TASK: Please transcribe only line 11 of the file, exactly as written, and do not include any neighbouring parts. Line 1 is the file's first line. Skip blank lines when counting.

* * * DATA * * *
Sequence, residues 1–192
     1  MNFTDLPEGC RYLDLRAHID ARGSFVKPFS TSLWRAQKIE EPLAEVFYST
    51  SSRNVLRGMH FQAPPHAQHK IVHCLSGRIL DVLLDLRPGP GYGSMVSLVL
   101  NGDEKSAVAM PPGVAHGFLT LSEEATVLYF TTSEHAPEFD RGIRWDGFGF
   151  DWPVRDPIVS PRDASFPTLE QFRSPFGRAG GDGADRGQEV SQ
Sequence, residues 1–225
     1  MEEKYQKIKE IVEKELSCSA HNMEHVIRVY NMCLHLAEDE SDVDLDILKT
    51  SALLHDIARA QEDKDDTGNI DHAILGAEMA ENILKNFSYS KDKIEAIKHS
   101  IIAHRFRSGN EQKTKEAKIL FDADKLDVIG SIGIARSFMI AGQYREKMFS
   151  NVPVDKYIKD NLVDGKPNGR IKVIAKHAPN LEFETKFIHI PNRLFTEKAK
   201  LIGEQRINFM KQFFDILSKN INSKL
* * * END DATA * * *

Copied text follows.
   201  LIGEQRINFM KQFFDILSKN INSKL